By using single axis solar tracker can only capture the minimum power tracking sunlight in one direction which is the elevation movements from east to west by rotating the structure along the vertical axis. According to [3], the use of single-axis tracking can increase the electricity yield by as much as 27% to 32%, but by using dual axis solar tracker, it can capture the maximum sunlight in two movements that is elevation and azimuth and in the same time it can receive the full capacity of lux [2]. Reports that dual-axis tracking increases the electricity output as much as 35% to 40%. Solar tracker is an electro-mechanical device for orienting a solar photovoltaic panel toward the sun trackers. Several methods and designs of sun tracking systems have been proposed, designed and implemented, main are included in [2,4,5] Since solar tracking PV panels include moving parts and control elements relatively expensive, single-axis variant seems to be more cost-effective than the double-axis alternative, especially for small PV power plants. To get maximum intensity of light and zero voltage difference (error degree) the position of panel must always perpendicular to the light source [6]. Uses of Single Axis throughout the year do not maintain the output power. The position of sun will change from the position of installed solar tracker and make the panel no more perpendicular to the sun which affects the output power. Therefore, dual-axis solar tracking makes the movement of solar panel to be always perpendicular to the sun [7]. The tracker will track the sun throughout the years [8,9] and maintaining the output power generate by the solar panel.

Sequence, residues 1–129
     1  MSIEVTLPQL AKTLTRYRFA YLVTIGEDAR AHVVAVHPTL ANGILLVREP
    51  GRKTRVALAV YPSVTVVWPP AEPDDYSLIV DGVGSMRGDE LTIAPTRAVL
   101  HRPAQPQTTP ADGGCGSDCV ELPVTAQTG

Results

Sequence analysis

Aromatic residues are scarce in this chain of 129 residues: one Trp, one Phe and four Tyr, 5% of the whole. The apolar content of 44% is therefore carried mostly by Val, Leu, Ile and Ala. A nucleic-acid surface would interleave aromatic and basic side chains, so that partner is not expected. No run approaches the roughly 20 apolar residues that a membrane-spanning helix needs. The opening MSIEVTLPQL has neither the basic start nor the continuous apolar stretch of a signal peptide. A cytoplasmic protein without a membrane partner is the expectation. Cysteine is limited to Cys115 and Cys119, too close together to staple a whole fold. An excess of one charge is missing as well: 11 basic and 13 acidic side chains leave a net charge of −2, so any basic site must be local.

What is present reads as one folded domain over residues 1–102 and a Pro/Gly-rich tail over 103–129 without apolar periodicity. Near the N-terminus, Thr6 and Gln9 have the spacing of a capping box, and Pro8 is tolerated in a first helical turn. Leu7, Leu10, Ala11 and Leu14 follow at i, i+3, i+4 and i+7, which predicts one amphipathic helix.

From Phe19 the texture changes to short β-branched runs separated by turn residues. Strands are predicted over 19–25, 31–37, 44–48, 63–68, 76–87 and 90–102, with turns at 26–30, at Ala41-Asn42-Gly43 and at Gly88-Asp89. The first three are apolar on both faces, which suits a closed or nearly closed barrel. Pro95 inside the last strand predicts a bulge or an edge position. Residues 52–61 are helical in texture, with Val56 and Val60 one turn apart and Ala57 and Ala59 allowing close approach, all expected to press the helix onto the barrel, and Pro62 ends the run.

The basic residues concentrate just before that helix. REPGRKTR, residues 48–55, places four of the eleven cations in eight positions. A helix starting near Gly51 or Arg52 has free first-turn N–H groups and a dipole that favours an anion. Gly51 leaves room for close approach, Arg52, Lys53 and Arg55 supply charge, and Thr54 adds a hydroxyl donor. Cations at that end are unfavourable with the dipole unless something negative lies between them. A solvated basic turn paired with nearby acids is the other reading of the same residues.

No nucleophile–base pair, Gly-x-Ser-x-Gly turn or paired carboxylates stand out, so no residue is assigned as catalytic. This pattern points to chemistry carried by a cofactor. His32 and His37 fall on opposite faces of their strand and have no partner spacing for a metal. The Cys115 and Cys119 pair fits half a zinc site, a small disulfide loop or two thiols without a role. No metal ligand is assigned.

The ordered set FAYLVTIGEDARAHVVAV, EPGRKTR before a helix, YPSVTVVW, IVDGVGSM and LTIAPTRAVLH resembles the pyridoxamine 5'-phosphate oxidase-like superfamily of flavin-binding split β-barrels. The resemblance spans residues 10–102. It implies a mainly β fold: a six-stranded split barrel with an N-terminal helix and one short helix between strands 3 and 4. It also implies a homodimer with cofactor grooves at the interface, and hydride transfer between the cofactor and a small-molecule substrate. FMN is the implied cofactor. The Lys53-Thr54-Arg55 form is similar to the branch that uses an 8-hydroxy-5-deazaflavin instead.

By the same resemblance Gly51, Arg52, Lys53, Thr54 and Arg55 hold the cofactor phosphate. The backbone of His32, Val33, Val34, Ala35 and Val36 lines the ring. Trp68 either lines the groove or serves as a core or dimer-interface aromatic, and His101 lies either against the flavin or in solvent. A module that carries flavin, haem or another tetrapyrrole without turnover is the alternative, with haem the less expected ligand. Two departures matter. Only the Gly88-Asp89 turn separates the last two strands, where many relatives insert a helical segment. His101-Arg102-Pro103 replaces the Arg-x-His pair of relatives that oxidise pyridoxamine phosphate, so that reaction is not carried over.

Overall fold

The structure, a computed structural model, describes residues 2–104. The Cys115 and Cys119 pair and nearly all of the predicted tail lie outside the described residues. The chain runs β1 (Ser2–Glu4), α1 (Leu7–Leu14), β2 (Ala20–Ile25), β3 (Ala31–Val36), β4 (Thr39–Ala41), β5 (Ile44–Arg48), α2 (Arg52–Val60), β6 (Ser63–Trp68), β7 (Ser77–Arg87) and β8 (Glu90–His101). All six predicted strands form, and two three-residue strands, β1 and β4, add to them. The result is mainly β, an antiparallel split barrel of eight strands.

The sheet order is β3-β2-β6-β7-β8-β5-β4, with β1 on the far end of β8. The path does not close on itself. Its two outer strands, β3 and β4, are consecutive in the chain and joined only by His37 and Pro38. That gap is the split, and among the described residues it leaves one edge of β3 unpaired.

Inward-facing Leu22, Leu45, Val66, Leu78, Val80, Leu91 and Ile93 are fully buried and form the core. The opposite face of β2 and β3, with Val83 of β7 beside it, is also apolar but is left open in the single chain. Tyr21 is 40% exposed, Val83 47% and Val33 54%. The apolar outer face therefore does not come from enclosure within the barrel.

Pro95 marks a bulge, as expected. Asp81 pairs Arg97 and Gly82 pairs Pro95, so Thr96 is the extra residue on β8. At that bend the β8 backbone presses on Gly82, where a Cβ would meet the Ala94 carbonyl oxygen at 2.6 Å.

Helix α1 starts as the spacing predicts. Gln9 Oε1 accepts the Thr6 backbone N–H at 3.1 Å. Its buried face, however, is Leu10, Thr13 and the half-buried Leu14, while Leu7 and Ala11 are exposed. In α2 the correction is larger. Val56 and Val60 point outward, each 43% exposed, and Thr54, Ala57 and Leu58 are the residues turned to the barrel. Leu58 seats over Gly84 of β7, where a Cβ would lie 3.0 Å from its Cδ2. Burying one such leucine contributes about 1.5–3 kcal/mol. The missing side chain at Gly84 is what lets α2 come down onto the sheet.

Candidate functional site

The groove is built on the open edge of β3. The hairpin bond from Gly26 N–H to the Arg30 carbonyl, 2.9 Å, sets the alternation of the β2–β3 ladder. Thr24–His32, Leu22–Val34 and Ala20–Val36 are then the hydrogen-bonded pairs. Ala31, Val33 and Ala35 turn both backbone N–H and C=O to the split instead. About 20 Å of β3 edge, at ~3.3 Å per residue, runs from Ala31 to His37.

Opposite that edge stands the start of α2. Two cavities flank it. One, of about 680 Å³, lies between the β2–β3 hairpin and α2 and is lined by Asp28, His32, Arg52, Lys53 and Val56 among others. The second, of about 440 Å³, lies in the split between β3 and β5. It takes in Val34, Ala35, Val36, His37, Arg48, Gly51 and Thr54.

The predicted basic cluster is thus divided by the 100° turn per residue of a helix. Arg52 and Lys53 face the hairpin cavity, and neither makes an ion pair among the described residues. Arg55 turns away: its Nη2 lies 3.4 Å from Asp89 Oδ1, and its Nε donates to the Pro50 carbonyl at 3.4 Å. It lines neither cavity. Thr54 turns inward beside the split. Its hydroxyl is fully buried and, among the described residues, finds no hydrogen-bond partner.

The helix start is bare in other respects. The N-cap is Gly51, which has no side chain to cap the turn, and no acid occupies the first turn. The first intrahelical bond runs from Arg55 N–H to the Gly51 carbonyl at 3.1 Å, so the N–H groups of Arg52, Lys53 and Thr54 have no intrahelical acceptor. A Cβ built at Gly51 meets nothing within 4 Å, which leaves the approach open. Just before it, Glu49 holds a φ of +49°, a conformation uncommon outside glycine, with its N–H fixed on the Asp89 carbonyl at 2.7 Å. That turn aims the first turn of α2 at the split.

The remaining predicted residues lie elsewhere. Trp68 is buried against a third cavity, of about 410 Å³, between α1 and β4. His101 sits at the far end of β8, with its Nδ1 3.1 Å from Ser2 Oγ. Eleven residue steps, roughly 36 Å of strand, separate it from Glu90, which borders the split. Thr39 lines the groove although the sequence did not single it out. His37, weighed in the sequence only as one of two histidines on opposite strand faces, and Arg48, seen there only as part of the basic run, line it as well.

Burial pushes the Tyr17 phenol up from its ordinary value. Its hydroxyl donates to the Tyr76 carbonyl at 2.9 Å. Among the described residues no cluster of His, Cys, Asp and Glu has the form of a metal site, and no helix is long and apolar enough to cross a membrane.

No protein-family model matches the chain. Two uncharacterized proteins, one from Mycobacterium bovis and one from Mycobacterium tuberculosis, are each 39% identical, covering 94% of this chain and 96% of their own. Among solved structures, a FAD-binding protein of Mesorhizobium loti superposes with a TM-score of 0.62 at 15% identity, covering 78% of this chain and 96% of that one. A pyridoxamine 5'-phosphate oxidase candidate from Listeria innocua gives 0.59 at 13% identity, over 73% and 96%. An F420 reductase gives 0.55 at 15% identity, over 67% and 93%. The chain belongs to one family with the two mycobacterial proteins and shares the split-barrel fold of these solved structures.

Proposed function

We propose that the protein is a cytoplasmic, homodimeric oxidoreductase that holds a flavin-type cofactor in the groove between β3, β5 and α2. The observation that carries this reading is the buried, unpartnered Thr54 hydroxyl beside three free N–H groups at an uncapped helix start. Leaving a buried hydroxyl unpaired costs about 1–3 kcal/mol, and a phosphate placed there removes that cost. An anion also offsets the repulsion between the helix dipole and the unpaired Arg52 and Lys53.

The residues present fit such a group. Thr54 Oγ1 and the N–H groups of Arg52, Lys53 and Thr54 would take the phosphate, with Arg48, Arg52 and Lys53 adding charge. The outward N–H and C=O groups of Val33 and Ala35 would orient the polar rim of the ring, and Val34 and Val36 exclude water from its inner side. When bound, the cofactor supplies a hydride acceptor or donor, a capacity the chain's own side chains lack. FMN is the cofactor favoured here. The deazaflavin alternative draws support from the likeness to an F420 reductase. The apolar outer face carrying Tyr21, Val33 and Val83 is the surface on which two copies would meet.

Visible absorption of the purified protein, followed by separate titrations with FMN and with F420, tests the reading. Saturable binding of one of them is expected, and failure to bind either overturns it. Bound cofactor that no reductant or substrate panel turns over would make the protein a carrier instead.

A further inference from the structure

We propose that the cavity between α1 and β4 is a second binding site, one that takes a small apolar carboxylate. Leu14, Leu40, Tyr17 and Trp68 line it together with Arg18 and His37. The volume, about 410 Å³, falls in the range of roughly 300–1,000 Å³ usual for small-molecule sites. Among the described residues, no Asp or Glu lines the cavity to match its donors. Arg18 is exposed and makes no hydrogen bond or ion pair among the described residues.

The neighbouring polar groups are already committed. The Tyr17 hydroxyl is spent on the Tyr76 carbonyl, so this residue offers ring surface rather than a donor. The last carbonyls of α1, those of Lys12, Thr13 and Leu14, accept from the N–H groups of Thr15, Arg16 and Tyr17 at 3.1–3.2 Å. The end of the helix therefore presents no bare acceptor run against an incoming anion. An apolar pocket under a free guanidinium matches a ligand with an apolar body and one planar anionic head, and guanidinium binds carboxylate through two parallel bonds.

A DC geared motor is a device that uses electricity to produce mechanical energy. The energy in electric current causes the DC geared motor to spin. Any devices attached to the motor can then take advantage of this spinning motion to create another type of motion. In a gear motor, the magnetic current turns gears that are either in a gear reduction unit or in an integrated gear box. A second shaft is connected to these gears. Gear head or gear motor was used in solar tracker which has the advantage of producing high torque [10].